He advised plaintiff that
there was a waiting period and that there could be a wait of
On June 3, 2008, defendant Fay saw plaintiff for
complaints of gum pain, discomfort with both hot and cold foods,
and intermittent pain.
Defendant Fay discovered a bone chip had
emerged from plaintiff’s gum line.
Defendant Fay scheduled a
time to see plaintiff, but plaintiff was transferred to the
Lansing Correctional Facility, and the appointment did not take
17. Defendant Fay saw plaintiff on August 24, 2008, and
plaintiff inquired about the status of the request for dentures.
18. Defendant Fay saw plaintiff on September 3, 2008, to
treat his lower teeth and to make impressions for dentures.
However, because plaintiff suffers from neck and facial tics and
twitching, defendant Fay was unable to treat his teeth.
believed, however, that he would be able to obtain a good
impression for purposes of fabricating dentures.
19. Defendant Fay saw plaintiff on October 1, 2008, and was
unable to make denture impressions because plaintiff was not
able to tolerate the process.
Plaintiff was scheduled for
another appointment in two weeks to allow for fabrication of a
custom device to prepare the impression.
Defendant Fay attempted the procedure on October 15,
He obtained a denture impression and sent it for use in
a prosthetic to test on plaintiff.
On October 22, 2008, plaintiff selected the color of
(Id., p. 5.)
22. On December 31, 2008, plaintiff received his dentures.
Defendant Fay examined the fit, noted that plaintiff’s speech
quality was good, and advised plaintiff to submit a request if
he needed additional attention.
23. On January 14, 2009, plaintiff complained about the
determined that he was not using the dentures properly.
counseled plaintiff on proper use.
24. On February 4, 2009, defendant Fay adjusted plaintiff’s
dentures to accommodate his sensitive gag reflex.
This was the
final contact between defendant Fay and plaintiff.
25. Defendant Fay states that his treatment of plaintiff
conformed with the standard of care, that plaintiff consented to
the removal of his teeth, that plaintiff’s healing process was
slow, and that he offered plaintiff all necessary treatment.
The Eighth Amendment requires prison officials to provide
adequate medical care, including dental care, to prisoners.
Estelle v. Gamble, 429 U.S. 97, 103 (1976); Ramos v. Lamm, 639
F.2d 559, 574 (10th Cir. 1980).
To state a claim under the Eighth Amendment for failure to
provide constitutionally adequate medical care, “‘a prisoner
must allege acts or omissions sufficiently harmful to evidence
deliberate indifference to serious medical needs.’”
ted)(quoting Estelle v. Gamble, 429 U.S. at 106).
The deliberate indifference standard has two elements:
first, an objective element that requires a showing that the
pain or deprivation is sufficiently serious, and second, a
officials acted with a sufficiently culpable state of mind.
Perkins v. Kansas Dept. of Corrections, 165 F.3d 803, 809 (10th
A serious medical need is “one that has been diagnosed
by a physician as mandating treatment or one that is so obvious
that even a lay person would easily recognize the necessity for
a doctor's attention.”
Ramos v. Lamm, 639 F.2d 559, 575 (10th
Cir. 1980); Hunt v. Uphoff, 199 F.3d 1220, 1224 (10th Cir.
In contrast, a mere difference of opinion between a medical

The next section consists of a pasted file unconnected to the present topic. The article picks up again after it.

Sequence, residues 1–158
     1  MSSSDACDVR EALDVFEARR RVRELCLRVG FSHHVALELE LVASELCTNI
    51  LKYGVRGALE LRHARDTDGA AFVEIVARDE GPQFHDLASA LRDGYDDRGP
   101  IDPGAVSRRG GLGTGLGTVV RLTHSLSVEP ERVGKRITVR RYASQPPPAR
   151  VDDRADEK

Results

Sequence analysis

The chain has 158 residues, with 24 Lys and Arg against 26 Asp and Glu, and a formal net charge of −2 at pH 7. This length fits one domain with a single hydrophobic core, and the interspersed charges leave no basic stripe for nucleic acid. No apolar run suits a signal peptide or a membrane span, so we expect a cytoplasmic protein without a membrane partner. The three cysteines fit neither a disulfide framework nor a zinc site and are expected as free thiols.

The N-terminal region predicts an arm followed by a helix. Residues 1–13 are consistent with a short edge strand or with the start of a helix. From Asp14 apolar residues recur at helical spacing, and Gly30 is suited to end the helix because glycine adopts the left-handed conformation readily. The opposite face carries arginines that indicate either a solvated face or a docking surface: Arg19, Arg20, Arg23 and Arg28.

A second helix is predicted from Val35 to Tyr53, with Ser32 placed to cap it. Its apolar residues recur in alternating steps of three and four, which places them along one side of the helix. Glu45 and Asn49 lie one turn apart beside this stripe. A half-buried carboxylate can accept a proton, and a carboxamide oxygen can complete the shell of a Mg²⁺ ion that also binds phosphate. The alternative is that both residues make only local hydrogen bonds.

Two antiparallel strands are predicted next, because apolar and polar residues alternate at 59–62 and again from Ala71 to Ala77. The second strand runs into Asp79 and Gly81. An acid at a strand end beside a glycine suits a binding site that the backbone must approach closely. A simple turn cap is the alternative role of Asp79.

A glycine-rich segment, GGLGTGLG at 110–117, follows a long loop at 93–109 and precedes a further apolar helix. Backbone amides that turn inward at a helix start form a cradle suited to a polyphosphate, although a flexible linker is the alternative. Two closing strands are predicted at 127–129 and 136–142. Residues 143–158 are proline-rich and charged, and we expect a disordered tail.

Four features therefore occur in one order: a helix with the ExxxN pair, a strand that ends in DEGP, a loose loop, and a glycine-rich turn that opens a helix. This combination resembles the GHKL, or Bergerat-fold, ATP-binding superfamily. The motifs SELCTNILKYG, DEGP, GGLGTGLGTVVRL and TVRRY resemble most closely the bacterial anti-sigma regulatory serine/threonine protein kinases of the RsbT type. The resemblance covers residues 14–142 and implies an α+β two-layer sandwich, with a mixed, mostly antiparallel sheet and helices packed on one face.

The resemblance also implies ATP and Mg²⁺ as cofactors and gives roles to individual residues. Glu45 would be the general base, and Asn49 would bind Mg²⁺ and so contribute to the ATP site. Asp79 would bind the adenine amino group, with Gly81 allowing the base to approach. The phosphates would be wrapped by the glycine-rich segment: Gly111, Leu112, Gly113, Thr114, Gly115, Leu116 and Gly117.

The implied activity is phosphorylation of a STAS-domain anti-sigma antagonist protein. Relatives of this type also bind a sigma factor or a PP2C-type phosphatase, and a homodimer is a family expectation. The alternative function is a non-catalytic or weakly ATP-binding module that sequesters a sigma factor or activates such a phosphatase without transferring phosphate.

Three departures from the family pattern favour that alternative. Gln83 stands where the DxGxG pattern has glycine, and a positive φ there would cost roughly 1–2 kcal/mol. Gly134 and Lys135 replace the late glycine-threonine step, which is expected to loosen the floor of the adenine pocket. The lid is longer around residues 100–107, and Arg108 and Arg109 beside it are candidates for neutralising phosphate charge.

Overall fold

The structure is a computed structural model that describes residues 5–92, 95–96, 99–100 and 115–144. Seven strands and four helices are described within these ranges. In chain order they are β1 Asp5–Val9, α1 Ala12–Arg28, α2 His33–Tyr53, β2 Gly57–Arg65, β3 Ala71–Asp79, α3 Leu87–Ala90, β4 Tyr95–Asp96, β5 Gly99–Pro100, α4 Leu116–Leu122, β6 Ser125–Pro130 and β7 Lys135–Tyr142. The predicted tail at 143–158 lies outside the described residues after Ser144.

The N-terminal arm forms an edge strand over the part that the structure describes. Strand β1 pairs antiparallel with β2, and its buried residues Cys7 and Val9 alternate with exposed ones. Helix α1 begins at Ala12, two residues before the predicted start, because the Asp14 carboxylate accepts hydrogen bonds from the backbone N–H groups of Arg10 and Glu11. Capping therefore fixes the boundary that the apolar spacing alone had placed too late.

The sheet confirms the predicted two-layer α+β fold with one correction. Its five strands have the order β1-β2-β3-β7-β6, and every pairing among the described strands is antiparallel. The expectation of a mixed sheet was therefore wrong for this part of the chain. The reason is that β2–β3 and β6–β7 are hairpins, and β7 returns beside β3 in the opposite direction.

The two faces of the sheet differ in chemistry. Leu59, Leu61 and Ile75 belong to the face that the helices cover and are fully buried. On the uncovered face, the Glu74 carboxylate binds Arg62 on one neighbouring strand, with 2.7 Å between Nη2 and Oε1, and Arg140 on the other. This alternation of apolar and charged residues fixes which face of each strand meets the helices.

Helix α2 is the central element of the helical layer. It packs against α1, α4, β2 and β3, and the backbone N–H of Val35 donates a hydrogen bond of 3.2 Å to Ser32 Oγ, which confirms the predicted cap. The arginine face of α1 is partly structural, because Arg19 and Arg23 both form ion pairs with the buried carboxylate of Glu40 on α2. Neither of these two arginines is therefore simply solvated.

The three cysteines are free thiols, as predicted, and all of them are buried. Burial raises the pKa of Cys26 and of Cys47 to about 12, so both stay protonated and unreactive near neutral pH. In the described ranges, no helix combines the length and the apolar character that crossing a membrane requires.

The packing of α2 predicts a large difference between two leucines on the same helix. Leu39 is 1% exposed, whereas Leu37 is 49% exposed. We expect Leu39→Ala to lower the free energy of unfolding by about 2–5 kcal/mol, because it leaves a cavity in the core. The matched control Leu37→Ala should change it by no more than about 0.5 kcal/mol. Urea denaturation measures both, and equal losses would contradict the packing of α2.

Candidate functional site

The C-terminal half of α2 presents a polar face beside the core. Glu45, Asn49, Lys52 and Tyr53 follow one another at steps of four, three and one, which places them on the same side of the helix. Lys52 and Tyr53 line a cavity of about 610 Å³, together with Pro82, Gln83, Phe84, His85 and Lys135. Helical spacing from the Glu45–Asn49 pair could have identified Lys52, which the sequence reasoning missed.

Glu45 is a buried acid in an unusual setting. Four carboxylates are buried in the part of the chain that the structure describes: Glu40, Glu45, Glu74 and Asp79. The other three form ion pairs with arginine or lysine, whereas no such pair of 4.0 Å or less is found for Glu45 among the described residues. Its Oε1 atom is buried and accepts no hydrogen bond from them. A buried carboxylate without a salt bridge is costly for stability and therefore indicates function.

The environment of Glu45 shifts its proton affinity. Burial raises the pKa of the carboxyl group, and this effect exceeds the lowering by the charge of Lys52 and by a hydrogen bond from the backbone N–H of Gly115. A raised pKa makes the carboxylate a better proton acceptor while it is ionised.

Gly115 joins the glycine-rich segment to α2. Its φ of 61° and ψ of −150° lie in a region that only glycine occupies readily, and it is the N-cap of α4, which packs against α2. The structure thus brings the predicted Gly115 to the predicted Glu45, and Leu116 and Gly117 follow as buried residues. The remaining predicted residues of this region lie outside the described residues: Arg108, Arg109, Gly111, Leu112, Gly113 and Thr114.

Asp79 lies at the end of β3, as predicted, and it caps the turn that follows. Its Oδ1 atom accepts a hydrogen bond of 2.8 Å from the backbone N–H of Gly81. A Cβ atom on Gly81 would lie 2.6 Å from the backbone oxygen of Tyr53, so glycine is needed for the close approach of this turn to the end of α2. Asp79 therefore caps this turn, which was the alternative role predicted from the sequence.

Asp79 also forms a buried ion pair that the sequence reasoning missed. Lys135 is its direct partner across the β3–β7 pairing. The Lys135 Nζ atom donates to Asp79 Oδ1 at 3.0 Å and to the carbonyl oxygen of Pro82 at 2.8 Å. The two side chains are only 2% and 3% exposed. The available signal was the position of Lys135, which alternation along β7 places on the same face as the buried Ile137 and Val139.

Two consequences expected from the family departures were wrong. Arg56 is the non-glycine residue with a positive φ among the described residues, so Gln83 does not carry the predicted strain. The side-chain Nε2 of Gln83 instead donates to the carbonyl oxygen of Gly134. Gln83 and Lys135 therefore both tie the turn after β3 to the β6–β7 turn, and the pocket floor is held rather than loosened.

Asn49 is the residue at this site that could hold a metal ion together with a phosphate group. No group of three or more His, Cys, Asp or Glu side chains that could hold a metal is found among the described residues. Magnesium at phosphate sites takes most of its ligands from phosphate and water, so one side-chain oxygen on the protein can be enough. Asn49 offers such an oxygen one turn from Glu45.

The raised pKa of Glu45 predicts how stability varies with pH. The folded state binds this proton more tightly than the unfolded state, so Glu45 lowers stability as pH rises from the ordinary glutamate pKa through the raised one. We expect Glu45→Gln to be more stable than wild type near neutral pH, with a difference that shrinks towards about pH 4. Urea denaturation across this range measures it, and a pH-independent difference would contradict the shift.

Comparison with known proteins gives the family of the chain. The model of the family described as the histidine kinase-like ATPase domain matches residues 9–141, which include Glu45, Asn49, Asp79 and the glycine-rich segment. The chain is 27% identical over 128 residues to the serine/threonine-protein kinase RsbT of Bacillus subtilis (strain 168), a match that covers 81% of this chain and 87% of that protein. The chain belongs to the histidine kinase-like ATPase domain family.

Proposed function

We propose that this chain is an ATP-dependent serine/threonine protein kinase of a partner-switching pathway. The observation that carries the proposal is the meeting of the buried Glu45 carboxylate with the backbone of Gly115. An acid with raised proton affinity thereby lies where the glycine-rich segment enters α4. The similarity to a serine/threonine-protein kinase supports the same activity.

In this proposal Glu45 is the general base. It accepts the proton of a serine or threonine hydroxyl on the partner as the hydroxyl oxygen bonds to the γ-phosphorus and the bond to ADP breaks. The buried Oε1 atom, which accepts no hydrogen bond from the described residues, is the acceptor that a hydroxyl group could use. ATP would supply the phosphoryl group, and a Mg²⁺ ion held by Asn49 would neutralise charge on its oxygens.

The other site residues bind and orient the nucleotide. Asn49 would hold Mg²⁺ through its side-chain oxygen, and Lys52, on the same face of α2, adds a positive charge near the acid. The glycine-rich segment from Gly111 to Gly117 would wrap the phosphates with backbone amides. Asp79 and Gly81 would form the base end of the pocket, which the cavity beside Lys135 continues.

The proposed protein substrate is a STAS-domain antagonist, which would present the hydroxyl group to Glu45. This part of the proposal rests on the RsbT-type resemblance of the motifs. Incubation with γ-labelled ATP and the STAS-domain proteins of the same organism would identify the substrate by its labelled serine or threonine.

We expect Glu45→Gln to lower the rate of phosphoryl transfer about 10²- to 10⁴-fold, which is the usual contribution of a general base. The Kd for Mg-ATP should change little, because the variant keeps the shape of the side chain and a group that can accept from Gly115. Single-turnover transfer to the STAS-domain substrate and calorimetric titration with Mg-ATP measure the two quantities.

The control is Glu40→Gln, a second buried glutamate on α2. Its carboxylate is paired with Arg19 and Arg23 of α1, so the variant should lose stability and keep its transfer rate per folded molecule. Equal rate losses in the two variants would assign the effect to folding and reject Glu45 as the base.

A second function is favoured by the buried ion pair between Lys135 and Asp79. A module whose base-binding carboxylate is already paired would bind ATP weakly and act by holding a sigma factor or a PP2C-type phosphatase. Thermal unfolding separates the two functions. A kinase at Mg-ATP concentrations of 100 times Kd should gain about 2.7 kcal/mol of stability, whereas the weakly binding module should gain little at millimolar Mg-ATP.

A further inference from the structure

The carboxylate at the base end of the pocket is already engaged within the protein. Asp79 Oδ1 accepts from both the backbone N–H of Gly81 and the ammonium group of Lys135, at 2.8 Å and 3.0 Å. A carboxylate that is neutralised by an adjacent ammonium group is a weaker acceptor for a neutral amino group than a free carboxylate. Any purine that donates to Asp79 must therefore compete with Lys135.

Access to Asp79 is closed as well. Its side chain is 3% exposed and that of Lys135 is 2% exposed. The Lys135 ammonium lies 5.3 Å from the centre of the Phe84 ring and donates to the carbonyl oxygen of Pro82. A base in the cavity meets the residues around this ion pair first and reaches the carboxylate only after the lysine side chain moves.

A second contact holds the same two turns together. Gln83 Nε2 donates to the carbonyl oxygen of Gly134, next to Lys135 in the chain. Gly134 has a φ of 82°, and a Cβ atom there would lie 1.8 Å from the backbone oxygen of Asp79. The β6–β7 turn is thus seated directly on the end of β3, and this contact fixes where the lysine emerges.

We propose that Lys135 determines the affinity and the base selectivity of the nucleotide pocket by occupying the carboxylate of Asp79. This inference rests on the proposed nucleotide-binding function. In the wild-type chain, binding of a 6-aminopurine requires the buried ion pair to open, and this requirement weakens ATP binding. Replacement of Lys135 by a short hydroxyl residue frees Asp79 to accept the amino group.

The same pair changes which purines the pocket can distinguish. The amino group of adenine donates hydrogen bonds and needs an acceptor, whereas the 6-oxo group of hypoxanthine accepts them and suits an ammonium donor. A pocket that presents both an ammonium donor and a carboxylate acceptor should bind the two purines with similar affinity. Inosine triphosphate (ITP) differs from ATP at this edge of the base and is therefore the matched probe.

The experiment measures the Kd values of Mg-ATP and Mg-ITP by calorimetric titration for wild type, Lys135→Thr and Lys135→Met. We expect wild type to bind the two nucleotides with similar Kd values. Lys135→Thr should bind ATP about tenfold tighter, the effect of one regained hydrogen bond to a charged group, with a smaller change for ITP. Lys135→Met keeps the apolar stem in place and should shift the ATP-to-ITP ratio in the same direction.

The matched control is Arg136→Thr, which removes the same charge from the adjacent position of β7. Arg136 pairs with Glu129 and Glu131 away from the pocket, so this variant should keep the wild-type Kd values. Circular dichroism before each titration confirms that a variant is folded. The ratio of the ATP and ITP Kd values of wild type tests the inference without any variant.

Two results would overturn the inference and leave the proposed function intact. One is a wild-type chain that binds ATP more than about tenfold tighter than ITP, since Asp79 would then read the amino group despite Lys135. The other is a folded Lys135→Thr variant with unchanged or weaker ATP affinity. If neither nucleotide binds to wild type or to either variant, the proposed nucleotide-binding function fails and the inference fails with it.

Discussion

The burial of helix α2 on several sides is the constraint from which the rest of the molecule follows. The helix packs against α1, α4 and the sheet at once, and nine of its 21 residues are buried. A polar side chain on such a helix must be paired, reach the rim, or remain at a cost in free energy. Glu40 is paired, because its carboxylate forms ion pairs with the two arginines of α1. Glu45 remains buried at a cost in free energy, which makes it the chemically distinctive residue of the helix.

provider and the prisoner concerning the proper treatment is not
sufficient to state a claim under the Eighth Amendment.
639 F.2d at 575.
Nor does delay in providing medical care
violate the Eighth Amendment unless there is a showing that the
delay caused substantial harm.
(10th Cir. 1993).
Olson v. Stotts, 9 F.3d 1475
Finally, “[a] negligent failure to provide
adequate medical care, [and] even one constituting medical
malpractice, does not give rise to a constitutional violation.”
Perkins v. Kan. Dep't of Corr., 165 F.3d 803, 811 (10th Cir.
The court’s review of the record supports the conclusion
that plaintiff had a serious medical need, and that he was
afforded a course of dental treatment that was responsive to his
Plaintiff was seen by defendant Fay on a number of
occasions, and, over a period of months, plaintiff received
Defendant Fay ordered a soft diet for plaintiff, monitored his
healing process, and counseled him on the proper use of the
While plaintiff continued to suffer from discomfort, the
present record does not support a conclusion that his dissatisfaction was more than a difference of opinion or that defendant
Fay acted with any deliberate indifference in the provision of
responsive to plaintiff and provided an array of treatment
intended to optimize his dental condition.
Accordingly, the court advises plaintiff that to avoid the
entry of summary judgment, he must respond to this order on or
before July 15, 2011, and must provide any objection to the
entry of summary judgment.
Plaintiff may not rely on a general
denial but must provide specific facts or legal arguments to
demonstrate that defendants are not entitled to summary judgment.
IT IS, THEREFORE, BY THE COURT ORDERED the parties are
notified that the court is considering the entry of summary
judgment on behalf of defendants pursuant to Rule 56(f)(3).
IT IS FURTHER ORDERED plaintiff is granted to and including
July 15, 2011, to respond to this order and set forth any
ground, legal or factual, in opposition to the entry of summary
judgment in this matter.
The failure to provide a timely
response will result in the entry of summary judgment on behalf
of defendants without additional prior notice to the plaintiff.
Copies of this order shall be transmitted to the parties.
IT IS SO ORDERED.
Dated at Topeka, Kansas, this 15th day of June, 2011.
S/ Sam A. Crow
SAM A. CROW
United States Senior District Judge